I am writing in response to your gloomy article, “In-depth: How new Ontario law curtails town’s power over development,” (The Lake Report, Feb. 23).
It cited the probability of our Niagara-on-the Lake council losing control of planning protections due to Bill 23, which would, if realized, cast a pall over long-held hopes of residents and 50 years of town planning to protect “the home of early Canadian history” that people from across the country and around the world come to see, learn about, enjoy and respect.
Then in a most welcome contrast, your March 9 edition featured an op-ed article (“Bill 23 doesn’t curtail town’s say on development,”) by Niagara Foundation president Lyle Hall, who clearly pointed out the misconceptions in the earlier article.
More importantly, he challenged town council and NOTL planning staff to use all the planning tools at their disposal to fight, and possibly win, at an Ontario Land Tribunal hearing.
With this in mind, surely our lord mayor and council will rise to the occasion and turn down the precedent-setting four-storey King Street hotel and Mary Street condo development proposals.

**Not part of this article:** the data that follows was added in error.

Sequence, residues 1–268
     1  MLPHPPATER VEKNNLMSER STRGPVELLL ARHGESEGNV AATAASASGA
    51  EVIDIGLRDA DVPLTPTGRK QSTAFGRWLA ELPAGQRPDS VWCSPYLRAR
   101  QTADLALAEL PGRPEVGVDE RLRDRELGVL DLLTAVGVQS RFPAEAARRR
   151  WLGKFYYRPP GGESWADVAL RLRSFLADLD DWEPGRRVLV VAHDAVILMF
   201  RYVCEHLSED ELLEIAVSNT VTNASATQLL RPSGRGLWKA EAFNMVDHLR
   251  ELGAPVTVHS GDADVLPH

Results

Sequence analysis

After all, Ontario politicians, planners and the public know a crucial provincial aim is affordable housing, not hotels and high-end condominiums.
As well, Region of Niagara planners have stated several times over the past three years that they are counting on the well-planned Glendale community to provide for housing – including apartments – to substantially fill Niagara-on-the-Lake’s projected 16,000 population increase to 2051.
For NOTL council to champion this view and win at the Ontario Land Tribunal would be a setback for local developers who are hoping to cash in on the supposed Bill 23 open door.
But far more importantly, it would be a win-win situation for those all across Niagara-on-the-Lake who care about history, environment, tourism, jobs and community spirit.